The Alexander's 2009 release of the complete Beethoven Cycle was described by Music Web International as performances “uncompromising in power, intensity and spiritual depth,” while Strings Magazine described the set as “a landmark journey through the greatest of all quartet cycles.” The FoghornClassics label released a three-CD set (Homage) of the Mozart quartets dedicated to Haydn in 2004. FoghornClassics released a six-CD album (Fragments Volume 1 & Volume 2) of the complete Shostakovich quartets in 2006 and 2007, and a recording of the complete quartets of Pulitzer prize-winning San Francisco composer, Wayne Peterson (Retrospections), was released in the Spring of 2008. BMG Classics released the quartet’s first recording of Beethoven cycle on its Arte Nova label to tremendous critical acclaim in 1999.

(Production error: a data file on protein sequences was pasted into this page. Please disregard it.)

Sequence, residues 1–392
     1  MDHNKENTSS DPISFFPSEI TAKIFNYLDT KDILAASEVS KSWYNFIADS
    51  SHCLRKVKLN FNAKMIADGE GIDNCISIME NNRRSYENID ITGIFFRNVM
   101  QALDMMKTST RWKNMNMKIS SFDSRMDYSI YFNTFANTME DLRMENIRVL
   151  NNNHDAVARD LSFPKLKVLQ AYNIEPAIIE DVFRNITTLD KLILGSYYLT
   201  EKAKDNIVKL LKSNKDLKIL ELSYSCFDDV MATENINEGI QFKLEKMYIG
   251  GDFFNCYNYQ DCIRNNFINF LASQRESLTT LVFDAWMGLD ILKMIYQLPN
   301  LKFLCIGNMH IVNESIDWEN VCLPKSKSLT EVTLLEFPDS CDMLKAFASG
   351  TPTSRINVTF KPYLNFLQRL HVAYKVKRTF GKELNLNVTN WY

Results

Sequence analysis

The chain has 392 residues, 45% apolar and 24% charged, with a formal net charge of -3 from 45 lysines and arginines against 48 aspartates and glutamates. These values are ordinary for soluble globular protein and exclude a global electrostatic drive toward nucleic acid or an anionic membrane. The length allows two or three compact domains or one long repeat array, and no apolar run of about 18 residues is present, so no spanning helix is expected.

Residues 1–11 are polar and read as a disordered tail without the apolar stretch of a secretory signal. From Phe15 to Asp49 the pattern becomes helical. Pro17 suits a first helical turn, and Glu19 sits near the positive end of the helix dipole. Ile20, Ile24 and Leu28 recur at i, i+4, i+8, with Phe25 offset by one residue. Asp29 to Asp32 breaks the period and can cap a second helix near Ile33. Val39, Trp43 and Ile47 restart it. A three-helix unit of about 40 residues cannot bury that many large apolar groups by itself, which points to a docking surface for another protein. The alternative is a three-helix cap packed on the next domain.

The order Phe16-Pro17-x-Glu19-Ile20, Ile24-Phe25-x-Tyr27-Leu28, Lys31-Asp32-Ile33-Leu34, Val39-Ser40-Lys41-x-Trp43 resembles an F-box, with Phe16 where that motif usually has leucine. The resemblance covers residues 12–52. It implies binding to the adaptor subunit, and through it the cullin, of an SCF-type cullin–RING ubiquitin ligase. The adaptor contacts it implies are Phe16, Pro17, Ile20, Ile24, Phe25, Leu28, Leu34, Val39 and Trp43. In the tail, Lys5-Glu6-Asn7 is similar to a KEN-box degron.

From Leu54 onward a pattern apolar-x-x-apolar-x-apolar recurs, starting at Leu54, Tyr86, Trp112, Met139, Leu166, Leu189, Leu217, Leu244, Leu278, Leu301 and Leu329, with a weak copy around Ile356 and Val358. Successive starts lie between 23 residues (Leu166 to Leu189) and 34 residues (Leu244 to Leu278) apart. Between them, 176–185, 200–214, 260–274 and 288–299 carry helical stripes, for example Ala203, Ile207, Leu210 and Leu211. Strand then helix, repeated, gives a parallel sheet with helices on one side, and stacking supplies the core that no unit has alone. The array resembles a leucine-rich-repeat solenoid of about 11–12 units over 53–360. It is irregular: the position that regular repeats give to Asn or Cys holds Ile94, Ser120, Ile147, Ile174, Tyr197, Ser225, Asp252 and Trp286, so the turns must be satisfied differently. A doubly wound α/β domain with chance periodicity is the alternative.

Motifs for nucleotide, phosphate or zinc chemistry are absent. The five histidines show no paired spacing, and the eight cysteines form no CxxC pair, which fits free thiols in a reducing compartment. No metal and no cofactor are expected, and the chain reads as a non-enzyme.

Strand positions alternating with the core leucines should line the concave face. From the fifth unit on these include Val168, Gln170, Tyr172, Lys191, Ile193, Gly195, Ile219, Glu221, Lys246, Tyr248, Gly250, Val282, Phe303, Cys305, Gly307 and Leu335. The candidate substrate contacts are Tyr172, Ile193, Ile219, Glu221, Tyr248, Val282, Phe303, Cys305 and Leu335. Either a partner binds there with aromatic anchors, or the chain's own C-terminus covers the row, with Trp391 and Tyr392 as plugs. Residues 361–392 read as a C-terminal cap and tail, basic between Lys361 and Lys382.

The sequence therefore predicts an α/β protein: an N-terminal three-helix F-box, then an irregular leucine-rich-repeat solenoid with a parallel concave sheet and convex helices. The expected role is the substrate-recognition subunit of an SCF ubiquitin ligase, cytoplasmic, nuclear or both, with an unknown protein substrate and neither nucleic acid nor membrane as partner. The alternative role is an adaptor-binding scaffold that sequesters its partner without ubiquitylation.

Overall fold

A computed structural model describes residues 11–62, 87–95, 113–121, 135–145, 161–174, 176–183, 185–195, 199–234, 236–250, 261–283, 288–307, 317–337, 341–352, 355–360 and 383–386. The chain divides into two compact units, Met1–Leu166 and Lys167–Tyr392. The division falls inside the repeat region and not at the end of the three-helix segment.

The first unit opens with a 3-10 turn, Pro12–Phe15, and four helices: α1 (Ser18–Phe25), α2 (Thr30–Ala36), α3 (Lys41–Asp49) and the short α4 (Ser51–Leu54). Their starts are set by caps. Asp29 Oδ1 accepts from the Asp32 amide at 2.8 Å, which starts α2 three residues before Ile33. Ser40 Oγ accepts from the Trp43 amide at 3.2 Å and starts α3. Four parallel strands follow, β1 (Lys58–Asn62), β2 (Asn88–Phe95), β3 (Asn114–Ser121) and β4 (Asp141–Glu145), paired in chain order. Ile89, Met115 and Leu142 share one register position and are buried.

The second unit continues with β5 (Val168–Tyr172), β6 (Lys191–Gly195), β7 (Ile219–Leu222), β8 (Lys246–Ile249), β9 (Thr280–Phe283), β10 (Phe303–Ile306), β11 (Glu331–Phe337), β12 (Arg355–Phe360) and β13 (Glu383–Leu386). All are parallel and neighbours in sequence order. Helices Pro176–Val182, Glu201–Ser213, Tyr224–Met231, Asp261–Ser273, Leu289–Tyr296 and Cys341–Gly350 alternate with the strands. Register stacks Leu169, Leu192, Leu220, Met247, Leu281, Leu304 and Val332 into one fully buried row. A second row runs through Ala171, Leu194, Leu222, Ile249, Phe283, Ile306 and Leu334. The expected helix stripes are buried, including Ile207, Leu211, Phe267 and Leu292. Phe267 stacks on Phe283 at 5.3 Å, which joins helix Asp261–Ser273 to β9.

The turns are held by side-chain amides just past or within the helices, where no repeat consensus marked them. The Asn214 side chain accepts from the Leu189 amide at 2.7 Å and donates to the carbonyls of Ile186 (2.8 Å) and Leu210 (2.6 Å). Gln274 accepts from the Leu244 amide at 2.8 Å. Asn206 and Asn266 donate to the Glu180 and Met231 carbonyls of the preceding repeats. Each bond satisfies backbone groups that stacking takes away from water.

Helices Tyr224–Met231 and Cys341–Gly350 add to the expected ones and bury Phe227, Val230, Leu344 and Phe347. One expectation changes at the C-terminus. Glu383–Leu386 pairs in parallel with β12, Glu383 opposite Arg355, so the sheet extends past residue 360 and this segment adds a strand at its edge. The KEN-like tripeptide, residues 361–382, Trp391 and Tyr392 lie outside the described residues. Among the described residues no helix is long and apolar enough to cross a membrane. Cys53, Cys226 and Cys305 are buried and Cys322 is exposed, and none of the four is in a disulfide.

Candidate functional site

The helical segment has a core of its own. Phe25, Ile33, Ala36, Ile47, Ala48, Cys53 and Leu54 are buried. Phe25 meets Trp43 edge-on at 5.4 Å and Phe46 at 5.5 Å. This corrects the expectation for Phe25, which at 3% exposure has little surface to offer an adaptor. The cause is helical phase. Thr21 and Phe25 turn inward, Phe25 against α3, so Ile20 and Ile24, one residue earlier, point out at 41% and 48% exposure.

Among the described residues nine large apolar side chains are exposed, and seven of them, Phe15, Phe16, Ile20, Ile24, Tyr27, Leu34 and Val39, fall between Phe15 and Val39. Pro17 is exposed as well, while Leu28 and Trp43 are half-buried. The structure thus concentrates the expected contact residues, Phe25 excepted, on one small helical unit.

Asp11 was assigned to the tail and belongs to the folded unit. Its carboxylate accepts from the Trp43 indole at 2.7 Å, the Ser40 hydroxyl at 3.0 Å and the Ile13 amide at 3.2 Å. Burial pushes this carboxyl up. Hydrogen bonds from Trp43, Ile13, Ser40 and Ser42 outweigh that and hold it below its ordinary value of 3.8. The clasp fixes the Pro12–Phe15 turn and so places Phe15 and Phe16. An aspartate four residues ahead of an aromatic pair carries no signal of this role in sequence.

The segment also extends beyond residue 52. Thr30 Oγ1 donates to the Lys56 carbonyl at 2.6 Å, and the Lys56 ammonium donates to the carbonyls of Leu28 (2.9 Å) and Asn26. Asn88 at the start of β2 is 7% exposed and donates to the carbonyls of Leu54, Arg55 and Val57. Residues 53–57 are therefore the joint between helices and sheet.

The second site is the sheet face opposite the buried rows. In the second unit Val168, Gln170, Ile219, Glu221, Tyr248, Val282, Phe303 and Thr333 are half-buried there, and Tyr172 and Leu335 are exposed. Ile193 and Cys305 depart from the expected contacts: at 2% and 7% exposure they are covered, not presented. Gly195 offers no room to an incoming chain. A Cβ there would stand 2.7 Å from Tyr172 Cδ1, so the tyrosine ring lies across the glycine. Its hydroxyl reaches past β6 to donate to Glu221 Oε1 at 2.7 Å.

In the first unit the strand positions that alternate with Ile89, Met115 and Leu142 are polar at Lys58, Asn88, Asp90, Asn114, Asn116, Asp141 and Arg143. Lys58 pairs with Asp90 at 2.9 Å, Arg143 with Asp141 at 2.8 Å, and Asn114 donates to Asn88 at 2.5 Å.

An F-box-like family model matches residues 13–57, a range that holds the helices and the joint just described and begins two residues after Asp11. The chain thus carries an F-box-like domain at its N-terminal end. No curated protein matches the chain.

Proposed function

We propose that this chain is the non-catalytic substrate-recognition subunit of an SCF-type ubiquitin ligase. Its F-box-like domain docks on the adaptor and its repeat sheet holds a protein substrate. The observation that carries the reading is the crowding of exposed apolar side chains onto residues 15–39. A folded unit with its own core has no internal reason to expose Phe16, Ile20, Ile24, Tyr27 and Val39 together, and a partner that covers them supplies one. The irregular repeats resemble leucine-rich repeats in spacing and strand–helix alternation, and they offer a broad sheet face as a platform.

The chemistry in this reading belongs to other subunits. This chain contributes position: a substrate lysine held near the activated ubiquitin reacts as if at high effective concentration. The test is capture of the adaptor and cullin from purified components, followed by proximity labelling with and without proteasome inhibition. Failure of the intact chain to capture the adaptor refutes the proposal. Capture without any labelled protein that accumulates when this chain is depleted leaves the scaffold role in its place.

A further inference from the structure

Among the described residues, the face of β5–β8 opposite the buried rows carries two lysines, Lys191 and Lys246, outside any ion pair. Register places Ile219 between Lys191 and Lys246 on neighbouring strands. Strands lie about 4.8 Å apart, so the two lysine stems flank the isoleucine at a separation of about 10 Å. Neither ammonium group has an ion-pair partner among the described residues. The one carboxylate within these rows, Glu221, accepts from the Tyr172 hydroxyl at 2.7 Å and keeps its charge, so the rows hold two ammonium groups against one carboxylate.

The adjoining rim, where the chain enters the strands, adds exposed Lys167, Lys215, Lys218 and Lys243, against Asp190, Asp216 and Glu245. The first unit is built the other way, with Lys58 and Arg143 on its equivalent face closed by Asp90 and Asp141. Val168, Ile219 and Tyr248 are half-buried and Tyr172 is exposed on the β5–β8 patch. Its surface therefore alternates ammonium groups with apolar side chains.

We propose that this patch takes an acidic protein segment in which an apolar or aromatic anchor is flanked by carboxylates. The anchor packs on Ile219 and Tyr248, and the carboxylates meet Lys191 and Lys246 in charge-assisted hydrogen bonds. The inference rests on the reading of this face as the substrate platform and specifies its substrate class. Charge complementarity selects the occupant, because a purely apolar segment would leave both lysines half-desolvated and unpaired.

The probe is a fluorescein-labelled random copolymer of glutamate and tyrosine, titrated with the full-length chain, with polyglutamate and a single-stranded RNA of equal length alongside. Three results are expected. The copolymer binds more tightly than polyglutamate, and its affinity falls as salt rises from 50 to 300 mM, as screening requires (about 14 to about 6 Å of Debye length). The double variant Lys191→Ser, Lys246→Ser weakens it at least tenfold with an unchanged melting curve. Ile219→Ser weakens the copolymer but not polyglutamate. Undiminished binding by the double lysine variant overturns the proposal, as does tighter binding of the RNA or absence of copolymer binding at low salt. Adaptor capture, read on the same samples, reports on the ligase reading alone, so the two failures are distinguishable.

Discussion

The Alexander String Quartet was formed in New York City in 1981 and captured international attention as the first American quartet to win the London International String Quartet Competition in 1985. The quartet has received honorary degrees from Allegheny College and St. Lawrence University, and presidential medals from Baruch College (CUNY).
Robert Greenberg was born in Brooklyn, New York in 1954, and has lived in the San Francisco Bay Area since 1978. Greenberg received a BA in music, magna cum laude, from Princeton University in 1976. His principal teachers at Princeton were Edward Cone, Daniel Werts, and Carlton Gamer in composition, Claudio Spies and Paul Lansky in analysis, and Jerry Kuderna in piano. In 1984, Greenberg received a Ph.D. in music composition, With Distinction, from the University of California, Berkeley, where his principal teachers were Andrew Imbrie and Olly Wilson in composition and Richard Felciano in analysis.